Nepali Times


After reading Kunda Dixit's 'Peace postponed' (#375), I felt depressed and even more so when he predicts that Jimmy Carter will see the same lack of movement in his next visit to Nepal. The excitement of the polls have faded but what is clear is that it is all due to these unaccountable and irresponsible politicians. The Maoists, who should has been different, are not faithful to the people. It is a shame to hear politicians like CP Gajurel say that they won't let the elections happen if they are to lose.

Samyam Wagle,

l The return of internally displaced people, security and a suitable proportional electoral system are prerequisites for elections. I think the dates to election by a neutral civil government are necessary as no one has the right to keep the people in a state of uncertainty for such a long time.

Name withheld,

l You are confused. On one hand you say (Editorial, 'Conceptual continuity', #375) the ruling bloc should immediately announce elections but on the other hand declare that the Maoists don't want it and would do everything to spoil it. You exhibit the dilemma as the UML and other political parties: hoping against hope to blame the Maoists. Their strategy is: the other parties want elections, not us. When nobody wanted elections, it was our agenda but when everyone wants it, it is no longer our agenda. Now we want a republic to be declared and once you agree to that, we will promulgate the constitution. In their vocabulary, there is no responsibility, commitment or ideology. Prachanda is the supreme leader of the world. Whatever he says, you have to accept. There is no alternative.

Kishor Kamal,


Thank you very much for bringing the sea-buckthorn into the limelight ('Sagarmatha superfruit', #374). We really need to push and popularise such unexplored and underestimated treasures of Nepal. Back in 2004 when I first tasted sea-buckthorn in Sing Gompa. It has long been prepared and processed in Tibet as a medicinal drink. Kudos to the Khumbu Alpine Conservation Council for teaching villagers the technical know-how and encouraging its preparation in the Khumbu region. With more refinement and research for its nutritious value, this could be the next big health drink. Seeing it being packed and labeled in bottles is a good start.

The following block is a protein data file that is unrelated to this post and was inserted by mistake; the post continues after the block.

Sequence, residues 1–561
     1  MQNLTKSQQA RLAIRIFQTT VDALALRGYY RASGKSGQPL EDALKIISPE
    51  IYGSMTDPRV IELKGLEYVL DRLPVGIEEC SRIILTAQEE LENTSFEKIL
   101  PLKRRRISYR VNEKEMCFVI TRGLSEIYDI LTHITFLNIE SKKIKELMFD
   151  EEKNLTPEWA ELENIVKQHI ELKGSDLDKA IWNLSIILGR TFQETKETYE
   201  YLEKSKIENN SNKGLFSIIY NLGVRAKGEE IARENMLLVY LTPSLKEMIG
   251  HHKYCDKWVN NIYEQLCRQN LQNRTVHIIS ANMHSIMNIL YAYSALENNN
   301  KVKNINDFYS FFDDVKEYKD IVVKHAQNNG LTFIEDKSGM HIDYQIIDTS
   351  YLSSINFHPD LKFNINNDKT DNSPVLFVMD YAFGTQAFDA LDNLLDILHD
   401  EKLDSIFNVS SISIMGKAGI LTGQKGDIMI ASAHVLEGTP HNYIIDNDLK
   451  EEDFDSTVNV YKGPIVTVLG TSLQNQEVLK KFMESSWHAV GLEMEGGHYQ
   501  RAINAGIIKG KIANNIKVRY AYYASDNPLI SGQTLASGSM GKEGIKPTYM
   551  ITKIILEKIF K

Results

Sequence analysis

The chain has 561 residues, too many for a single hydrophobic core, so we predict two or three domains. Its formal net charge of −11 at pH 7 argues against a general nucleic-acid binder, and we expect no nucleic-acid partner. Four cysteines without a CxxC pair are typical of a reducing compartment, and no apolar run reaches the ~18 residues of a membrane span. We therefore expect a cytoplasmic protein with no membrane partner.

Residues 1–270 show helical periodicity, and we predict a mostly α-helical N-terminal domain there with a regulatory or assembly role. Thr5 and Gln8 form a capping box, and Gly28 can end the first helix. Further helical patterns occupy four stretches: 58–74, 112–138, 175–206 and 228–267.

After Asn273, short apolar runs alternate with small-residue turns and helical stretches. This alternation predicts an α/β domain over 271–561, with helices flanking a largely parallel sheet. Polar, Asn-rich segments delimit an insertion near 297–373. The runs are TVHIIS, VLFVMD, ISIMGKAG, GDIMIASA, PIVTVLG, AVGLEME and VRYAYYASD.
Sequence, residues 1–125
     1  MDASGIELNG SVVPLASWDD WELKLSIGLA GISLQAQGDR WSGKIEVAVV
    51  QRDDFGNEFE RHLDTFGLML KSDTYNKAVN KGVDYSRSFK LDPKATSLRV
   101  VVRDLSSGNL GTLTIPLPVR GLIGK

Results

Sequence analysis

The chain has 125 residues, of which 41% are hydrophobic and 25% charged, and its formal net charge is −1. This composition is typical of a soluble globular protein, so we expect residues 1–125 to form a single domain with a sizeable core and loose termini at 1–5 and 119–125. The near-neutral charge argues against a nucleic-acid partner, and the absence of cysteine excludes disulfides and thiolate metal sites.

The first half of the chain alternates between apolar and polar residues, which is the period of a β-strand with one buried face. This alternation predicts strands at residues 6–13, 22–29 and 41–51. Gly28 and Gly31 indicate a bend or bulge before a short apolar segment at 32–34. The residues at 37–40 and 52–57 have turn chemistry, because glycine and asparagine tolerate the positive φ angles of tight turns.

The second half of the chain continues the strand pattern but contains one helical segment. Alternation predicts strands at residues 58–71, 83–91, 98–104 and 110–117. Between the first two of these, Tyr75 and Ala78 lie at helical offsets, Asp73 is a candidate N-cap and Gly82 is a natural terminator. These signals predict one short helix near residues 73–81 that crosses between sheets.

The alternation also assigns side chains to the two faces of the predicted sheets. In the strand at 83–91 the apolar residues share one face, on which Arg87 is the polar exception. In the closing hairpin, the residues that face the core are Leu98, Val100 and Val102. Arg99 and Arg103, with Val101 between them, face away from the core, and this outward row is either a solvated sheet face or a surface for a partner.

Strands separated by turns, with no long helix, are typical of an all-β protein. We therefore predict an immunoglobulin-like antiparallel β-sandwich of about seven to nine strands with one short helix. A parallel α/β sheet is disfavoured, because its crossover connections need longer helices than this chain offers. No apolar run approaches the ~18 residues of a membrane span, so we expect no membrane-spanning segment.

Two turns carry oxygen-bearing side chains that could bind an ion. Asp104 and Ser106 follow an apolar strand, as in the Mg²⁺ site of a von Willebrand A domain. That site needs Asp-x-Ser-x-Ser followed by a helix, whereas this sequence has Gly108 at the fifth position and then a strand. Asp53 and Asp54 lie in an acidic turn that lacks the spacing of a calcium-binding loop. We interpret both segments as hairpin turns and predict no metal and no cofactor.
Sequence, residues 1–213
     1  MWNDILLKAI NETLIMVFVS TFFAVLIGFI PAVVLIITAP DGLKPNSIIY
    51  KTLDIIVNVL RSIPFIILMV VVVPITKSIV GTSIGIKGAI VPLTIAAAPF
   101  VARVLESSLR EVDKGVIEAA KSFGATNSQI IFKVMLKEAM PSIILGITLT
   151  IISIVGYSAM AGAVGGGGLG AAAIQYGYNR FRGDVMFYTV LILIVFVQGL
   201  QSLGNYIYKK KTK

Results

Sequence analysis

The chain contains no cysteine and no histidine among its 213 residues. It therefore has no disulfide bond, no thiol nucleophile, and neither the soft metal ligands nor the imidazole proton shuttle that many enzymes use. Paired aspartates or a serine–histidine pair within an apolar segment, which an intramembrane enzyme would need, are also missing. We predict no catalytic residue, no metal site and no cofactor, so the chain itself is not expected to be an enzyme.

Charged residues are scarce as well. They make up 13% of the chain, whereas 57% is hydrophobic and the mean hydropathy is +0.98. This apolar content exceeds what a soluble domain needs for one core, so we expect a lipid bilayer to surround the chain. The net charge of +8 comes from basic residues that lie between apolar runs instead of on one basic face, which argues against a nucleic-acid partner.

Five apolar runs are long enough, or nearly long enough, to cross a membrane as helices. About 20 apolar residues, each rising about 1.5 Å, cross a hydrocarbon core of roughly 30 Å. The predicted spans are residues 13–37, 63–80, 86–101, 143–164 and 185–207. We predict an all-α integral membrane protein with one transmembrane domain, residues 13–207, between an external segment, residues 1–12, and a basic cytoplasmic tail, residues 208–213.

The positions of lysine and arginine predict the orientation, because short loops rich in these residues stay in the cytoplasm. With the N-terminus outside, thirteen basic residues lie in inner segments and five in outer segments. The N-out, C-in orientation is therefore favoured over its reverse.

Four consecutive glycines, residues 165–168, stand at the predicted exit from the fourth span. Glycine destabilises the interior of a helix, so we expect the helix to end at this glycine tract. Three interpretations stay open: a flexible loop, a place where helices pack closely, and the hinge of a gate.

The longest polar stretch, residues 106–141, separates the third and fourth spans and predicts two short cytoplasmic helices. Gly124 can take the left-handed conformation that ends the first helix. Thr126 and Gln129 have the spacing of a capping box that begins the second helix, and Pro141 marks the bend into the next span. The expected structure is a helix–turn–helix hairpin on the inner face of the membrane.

Matiram Pun,
Institute of Medicine, Maharajgunj


Frank de Lange (Letters, #375) has concluded that by the act of translating a literary novel, one can become the 'embodiment of de-contextualised peace industry'. He also questions my motives in translating Elephant Polo and presumes the book is destined for a 'happy few'.

I doubt that he would have written his letter if he had taken the trouble of actually reading the book, rather than drawing far-flung conclusions from a short description of the book's launch ('Dutch elephant', #373).

I much prefer, but not necessarily agree with, the straightforward argument made by S Ranjit in the same page to the effect that 'the top-down approach for development never worked'. The book makes exactly the same point. I quote the main protagonist of Elephant Polo, Oscar, who states in a speech: "Ladies and gentleman, although traditional development assistance is characterised by a selfish, paternalistic and short-sighted approach, it remains one of many possible models for development. But, in my eyes, it is barely productive. Moreover, it costs tax payers handfuls of money without any accountability whatsoever for results-at least, if you do not wish to use sentimentality or self- gratification as a yardstick.' Incidentally, readers will find that Oscar's own model of development does not survive the confrontation with the rather grim realities of Nepal today. It goes under in a finale that is as spectacular as it is moving.

So what was my motive in translating the book? Simple: I discovered an entertaining and well-written novel that provides a sharp insight into Nepal and opens a window into the soul of a foreigner who loves Nepal and struggles to understand it. Often complex realities are much better explained through literary expression rather than in thick consultants' reports full of jargon. Problem was, this novel was written in inaccessible Dutch. I felt it deserved a wider audience, certainly not a happy few.

Adriaan Verheul,

(11 JAN 2013 - 17 JAN 2013)